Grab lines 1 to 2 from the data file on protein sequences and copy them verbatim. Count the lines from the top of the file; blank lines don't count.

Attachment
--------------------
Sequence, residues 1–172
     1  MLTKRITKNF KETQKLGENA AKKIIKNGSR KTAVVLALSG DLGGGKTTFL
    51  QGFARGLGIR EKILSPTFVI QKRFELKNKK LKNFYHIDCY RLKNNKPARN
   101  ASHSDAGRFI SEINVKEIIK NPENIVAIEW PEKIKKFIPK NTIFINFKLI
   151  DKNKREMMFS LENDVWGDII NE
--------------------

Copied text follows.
Sequence, residues 1–172
     1  MLTKRITKNF KETQKLGENA AKKIIKNGSR KTAVVLALSG DLGGGKTTFL